It’s that time of year again–the holiday season! While you are prepping food for your foodservice or for your traditional celebrations, it is important that food safety be a No. 1 priority. Below are some tips to keep your preparations safe during the holidays!
Proper Food Temperatures
Gloves and Handwashing
Proper handwashing is crucial to ensure food safety. Many foodservice establishments also require employees to wear plastic gloves during preparation. Just remember, each time you step away from preparing or serving food and touch another surface (cell phone, door handle, etc.), be sure to properly wash your hands and change gloves.
To properly wash hands:
- Use soap and warm water (105°F)
- Rub hands vigorously for 20 seconds and wash all surfaces including the backs of hands, wrists, in between fingers and under nails
- Rinse hands thoroughly and turn off water and open doors with a paper towel to avoid cross-contamination
Cutting gloves are also available to ensure hands and fingers are safe while preparing foods.
Ways to Avoid Cross Contamination
Standard Color Codes
Allergen Color Codes
For customers or guests with food allergies, foodservice equipment and supply manufacturers have color-coded each of those products as purple. Only use purple color-coded food prep supplies for those with food allergies as one small trace of an allergen exposed to them can be serious.
San Jamar’s Allergen Saf-T-Zone System is a kit that includes most items needed to prepare a meal for a person with food allergies. If investing in this system, be sure to also purchase a purple allergen thermometer to go along with the set.
Rotation labels are also imperative for food safety to avoid food borne illnesses and cross contamination so employees know when foods will go bad but they also can help reign in food costs too.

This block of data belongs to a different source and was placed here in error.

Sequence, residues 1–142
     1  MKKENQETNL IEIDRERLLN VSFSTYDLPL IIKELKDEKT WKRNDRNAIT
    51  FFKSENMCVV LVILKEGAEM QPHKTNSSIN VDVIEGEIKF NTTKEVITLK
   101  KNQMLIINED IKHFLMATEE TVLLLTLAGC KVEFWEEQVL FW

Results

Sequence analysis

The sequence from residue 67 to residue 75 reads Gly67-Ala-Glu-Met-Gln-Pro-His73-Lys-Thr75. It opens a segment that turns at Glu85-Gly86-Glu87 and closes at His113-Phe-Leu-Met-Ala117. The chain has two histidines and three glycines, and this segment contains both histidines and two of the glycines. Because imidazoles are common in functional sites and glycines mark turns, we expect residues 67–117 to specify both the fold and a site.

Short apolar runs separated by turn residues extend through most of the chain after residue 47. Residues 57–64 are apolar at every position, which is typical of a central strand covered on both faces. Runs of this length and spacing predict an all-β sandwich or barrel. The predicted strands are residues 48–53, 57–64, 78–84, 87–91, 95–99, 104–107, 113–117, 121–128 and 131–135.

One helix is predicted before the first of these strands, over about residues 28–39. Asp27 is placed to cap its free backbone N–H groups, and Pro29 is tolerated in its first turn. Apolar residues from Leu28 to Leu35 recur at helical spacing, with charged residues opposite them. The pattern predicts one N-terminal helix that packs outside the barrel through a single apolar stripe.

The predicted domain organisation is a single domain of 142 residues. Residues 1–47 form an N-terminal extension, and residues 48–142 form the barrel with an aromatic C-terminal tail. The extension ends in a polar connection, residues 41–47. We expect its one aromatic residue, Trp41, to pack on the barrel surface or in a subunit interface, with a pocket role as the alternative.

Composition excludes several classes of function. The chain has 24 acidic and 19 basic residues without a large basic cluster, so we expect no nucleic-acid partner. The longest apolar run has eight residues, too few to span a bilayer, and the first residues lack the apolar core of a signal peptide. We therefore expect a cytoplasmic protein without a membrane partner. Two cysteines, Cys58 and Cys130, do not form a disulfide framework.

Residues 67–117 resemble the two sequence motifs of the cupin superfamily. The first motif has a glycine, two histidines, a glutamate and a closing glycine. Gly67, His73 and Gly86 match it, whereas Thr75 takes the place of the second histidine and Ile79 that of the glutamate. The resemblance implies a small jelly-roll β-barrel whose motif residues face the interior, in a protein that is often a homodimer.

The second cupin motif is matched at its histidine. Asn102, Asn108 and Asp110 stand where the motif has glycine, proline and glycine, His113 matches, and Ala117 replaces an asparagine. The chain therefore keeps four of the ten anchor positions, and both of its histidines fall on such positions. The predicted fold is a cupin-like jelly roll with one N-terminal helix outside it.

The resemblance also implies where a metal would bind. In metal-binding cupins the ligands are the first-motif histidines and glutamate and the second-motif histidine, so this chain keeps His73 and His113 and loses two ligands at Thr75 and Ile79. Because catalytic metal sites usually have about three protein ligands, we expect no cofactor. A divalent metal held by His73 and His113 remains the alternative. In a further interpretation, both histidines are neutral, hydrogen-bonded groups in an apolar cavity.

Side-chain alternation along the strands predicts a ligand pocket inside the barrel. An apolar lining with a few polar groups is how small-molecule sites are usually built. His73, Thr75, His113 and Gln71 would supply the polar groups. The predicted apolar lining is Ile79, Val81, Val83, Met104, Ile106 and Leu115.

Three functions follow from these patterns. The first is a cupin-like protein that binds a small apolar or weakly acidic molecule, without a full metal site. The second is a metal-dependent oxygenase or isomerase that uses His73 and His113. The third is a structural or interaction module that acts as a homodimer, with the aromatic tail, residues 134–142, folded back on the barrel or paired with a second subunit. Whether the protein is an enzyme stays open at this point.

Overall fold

Wash Foods Properly
It’s important to wash our hands frequently but that is not necessary for all foods.
“Washing raw poultry, beef, pork, lamb or veal before cooking is not recommended,” the USDA said. “Bacteria in raw meat and poultry juices can be spread to other foods, utensils and surfaces. We call this cross-contamination.”
The USDA also advises not to wash eggs either as they have already been washed during commercial egg processing. After this process has occurred, which removes the natural coating on freshly laid eggs, they are given a light coating of an edible mineral oil that restores protection. Any additional washing of eggs the USDA said jeopardize this measure and could increase the risk of cross-contamination.
Produce, however, should be washed. Fruits and vegetables should be placed under cool running tap water to remove any lingering dirt and reduce bacteria.
“If there is a firm surface, such as on apples or potatoes, the surface can be scrubbed with a brush,” the USDA said. “These products are not approved or labeled by the FDA for use on foods. You could ingest residues from soap or detergent absorbed in the produce.”
When washing produce, they advise to cut away any damaged or bruised areas as bacteria can move and thrive there. Upon cutting any items, they must be placed in a refrigerator to ensure food safety.
Whether it’s finding equipment and supplies to help improve food safety, or needing help getting started, contact a Central product consultant at 800-215-9293 or use our live chat option!